Where to start?
Titanium and niobium are two of the safest metals you can wear. Some people like to start with medical plastic or bioplast jewellery while their piercings settle down.
Medical plastic is made from a hardened version of the material used in surgical sutures.
Titanium is strong, lightweight and highly biocompatible (non-toxic and not rejected by the body).
Titanium is an excellent choice for anyone with sensitive skin, especially for those allergic to nickel, silver or gold. Allergic reactions to titanium are extremely rare even in people sensitive to other metals.
Titanium can be anodised to create a range of colours. Anodising creates a thin oxide layer which is just as biocompatible as polished titanium. The colour produced depends on the thickness of the oxide layer. There are no other materials added and there is no plating or painting.
Titanium is suitable for both initial and healed body piercings.
It is important to remember that the main difference between these grades of titanium is mostly in the manufacturing. All are suitable for initial and healed piercings.
Grades 1 - 4 (CP/commercially pure titanium) are slightly softer so are best for making earring hooks and other shapes. Mostly used for earrings.
Grade 5 (Ti-6AL-4V) is stronger and less malleable and is used for most body jewellery.
Grade 23 (Ti-6AL-4V ELI) is slightly more malleable than grade 5. Mostly used in body jewellery.
Ti-6AL-4V ELI ASTM F-136 is a refined version of grade 23 used in Industrial Strength (brand name, not a description of the titanium grade) body jewellery. Also known as implant grade titanium.
Black PVD Titanium, Niobium and Surgical Steel
Black PVD titanium, niobium and surgical steel have a coating of Titanium Aluminum Nitride (TiAlN) applied using physical vapour deposition (PVD) to create a hypoallergenic, long-lasting black colour.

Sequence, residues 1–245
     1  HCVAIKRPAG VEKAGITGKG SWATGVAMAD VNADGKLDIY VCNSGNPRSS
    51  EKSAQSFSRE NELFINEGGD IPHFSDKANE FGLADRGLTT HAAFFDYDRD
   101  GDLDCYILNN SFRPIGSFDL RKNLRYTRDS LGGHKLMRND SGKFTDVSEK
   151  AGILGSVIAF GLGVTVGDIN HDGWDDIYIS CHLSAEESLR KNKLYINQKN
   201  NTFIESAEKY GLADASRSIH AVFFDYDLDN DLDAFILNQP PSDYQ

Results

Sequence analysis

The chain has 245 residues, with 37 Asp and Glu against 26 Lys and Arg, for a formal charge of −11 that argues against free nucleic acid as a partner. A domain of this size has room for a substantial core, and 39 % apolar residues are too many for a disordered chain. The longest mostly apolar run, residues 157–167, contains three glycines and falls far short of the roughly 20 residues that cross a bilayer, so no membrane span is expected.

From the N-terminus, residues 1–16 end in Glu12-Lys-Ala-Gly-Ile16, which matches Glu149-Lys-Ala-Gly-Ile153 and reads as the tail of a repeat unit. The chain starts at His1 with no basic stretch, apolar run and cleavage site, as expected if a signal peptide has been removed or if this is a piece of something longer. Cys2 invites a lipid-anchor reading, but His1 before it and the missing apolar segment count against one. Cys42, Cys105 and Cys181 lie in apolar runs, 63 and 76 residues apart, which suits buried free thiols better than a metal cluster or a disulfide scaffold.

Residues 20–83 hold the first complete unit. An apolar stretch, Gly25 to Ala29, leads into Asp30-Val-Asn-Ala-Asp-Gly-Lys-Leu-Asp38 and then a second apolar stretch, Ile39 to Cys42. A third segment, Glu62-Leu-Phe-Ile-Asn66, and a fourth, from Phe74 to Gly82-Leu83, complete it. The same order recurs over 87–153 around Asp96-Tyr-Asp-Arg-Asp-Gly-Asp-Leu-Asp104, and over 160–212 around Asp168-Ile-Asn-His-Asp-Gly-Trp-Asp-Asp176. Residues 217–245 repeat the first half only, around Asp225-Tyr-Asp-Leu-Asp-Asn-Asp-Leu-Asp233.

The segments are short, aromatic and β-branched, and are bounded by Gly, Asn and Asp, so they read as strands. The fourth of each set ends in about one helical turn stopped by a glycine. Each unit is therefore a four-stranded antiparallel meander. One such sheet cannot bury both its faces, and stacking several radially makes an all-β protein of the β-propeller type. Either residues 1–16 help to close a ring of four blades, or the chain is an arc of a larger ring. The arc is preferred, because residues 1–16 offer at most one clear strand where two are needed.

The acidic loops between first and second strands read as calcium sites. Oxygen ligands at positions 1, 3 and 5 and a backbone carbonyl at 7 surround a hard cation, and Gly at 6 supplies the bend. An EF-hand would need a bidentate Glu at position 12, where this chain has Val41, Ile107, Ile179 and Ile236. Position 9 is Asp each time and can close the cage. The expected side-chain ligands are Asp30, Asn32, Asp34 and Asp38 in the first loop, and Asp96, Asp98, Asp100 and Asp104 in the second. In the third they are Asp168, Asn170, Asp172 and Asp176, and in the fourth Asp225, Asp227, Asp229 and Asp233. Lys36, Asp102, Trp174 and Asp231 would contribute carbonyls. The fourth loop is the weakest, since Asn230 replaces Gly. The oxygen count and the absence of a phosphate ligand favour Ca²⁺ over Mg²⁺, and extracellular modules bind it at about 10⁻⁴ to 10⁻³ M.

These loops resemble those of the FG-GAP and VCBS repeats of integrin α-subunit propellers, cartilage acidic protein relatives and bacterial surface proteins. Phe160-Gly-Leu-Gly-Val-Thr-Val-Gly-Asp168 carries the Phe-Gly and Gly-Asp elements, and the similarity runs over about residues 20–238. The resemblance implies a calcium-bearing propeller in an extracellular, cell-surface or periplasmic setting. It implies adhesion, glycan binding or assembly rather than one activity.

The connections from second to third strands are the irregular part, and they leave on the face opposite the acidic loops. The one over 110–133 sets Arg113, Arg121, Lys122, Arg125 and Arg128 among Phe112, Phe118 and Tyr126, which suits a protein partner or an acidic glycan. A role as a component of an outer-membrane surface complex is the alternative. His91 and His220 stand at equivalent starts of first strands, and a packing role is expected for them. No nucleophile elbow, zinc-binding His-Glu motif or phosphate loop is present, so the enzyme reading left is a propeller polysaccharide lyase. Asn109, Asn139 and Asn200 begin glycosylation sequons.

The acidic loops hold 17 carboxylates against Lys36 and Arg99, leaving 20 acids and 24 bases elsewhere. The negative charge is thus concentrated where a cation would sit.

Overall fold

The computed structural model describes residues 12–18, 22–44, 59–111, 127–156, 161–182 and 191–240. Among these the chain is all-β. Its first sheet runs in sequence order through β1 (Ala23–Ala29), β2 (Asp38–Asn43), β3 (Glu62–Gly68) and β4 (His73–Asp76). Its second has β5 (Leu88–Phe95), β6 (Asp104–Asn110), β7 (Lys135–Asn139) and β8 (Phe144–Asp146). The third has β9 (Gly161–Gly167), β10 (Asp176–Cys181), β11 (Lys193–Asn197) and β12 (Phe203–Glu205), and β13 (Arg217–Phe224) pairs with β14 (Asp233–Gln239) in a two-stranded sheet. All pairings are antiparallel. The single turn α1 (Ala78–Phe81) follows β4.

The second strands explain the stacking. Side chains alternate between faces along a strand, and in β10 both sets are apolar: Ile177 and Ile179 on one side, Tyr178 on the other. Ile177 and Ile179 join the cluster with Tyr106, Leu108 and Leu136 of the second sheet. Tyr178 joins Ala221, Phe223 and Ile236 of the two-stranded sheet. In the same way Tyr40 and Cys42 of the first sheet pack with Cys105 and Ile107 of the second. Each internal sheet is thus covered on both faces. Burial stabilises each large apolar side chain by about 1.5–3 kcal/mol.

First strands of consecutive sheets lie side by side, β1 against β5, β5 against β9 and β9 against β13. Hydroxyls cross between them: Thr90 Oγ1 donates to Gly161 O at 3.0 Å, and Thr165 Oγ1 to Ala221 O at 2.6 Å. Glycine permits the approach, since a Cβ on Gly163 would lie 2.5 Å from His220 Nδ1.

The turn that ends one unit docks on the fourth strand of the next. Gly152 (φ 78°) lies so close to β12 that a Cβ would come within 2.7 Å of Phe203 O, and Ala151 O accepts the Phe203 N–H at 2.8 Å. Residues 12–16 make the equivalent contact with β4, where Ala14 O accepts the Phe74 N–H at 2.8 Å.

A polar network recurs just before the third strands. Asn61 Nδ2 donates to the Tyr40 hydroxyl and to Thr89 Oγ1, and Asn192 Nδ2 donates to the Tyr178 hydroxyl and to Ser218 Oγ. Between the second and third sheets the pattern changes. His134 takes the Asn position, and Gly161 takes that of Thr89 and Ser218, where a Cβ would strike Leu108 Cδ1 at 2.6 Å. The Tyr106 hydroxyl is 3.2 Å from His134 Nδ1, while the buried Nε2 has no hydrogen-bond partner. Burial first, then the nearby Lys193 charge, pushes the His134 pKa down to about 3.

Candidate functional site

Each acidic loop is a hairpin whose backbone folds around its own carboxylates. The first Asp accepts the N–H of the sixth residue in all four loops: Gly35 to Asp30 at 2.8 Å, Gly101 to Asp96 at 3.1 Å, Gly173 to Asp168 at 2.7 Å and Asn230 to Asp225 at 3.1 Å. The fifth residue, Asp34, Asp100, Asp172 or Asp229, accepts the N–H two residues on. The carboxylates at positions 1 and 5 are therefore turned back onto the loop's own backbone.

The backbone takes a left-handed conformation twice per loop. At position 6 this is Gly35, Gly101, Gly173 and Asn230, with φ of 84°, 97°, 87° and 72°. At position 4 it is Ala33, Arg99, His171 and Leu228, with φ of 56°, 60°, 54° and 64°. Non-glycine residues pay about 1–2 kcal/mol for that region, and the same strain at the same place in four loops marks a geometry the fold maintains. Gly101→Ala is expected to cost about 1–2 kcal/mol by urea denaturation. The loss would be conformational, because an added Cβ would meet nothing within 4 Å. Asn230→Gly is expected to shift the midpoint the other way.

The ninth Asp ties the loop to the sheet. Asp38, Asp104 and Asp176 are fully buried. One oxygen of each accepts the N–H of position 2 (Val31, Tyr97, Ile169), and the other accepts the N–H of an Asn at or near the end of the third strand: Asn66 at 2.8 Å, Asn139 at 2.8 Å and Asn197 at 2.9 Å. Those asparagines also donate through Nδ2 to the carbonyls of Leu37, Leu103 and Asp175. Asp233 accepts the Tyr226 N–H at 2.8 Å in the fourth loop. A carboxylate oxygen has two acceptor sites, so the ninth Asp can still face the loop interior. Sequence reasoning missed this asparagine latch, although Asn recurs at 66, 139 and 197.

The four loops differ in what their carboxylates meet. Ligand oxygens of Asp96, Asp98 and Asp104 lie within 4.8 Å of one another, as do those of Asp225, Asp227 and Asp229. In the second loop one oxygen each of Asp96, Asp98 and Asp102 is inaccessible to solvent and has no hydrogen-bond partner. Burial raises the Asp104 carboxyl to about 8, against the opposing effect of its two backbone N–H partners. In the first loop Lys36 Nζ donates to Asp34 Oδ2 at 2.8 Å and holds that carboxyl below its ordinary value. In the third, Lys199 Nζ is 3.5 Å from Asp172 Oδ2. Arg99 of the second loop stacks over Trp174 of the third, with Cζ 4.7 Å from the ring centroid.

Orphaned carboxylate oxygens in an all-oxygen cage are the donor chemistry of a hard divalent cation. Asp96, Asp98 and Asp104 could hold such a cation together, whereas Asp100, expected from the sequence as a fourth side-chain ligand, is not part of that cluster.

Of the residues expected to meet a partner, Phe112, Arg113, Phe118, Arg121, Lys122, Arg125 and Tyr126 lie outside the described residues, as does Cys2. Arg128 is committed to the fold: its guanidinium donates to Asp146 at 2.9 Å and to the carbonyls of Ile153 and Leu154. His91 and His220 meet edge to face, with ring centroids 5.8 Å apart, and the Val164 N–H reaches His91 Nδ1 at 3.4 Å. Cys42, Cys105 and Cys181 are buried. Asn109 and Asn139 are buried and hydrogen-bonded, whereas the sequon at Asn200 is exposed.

Gold and Rose Gold PVD Titanium, Niobium and Surgical Steel
Gold and rose gold PVD titanium, niobium and surgical steel have a coating of Zirconium Nitride (ZrN) applied using physical vapour deposition (PVD) to create a hypoallergenic, long-lasting gold or rose gold colour without using any actual gold.
Niobium looks very similar to titanium but is an element rather than an alloy (a mix of metals), it is ideal if you are allergic to nickel, silver or gold.
Like titanium it can be anodised, changing the surface colour of the metal to create a range of colours. Niobium used in a jewellery has to be as pure as possible and is sometimes know as 999 Niobium or 99.9% niobium.
Surgical Steel and Stainless Steel
Stainless and surgical steel are an alloys which contains a small amount of nickel. Please be aware that this can cause a reaction in people who are very sensitive to nickel.
However it is the rate of release of nickel (rather than nickel content) that really matters. The specific composition of 316L steel (also known as implant grade steel and surgical stainless steel) allows for very little exposure to the nickel molecules which reduces the risk of allergic reactions.
Nickel Release Rates
316L surgical steel (used in earrings and body jewellery) - around 0.02μg/cm2/week
304 stainless steel (used in earring hooks) - around 0.08μg/cm2/week
430 stainless steel (used in earring hooks) - less than 0.5μg/cm2/week
Surgical steel is suitable for use in healed piercings but is not recommended for initial piercings.
24 carat gold is the purest form available. Gold that is less than 24 carat is an alloy and it is the other metals in the alloy that usually cause allergic reactions to gold jewellery. 24ct gold is too soft to use on it's own so it is alloyed (mixed) with other metals to make it stronger or used as a plating.
The higher the number of carats the purer the gold is. Dividing the number of carats by 24 gives you the purity percentage of gold.
24ct/24 = 100% (or 99.9%) pure gold
18ct/24 = 75% pure gold with approximately 15% silver and 10% copper
We only have 18ct and 24ct gold jewellery but for comparison
9ct/24 = 37.5% pure gold with approximately 42.5% silver and 20% copper
Carat or karat? Carat (ct) is the UK spelling of karat (kt). So in this case it's the same thing.
PVD gold coated jewellery does not contain any gold.
What does hypoallergenic mean?
The word hypoallergenic means having a decreased tendency to provoke an allergic reaction. It should not be considered a guarantee that no one will react to an item of jewellery since it is possible to be allergic to anything.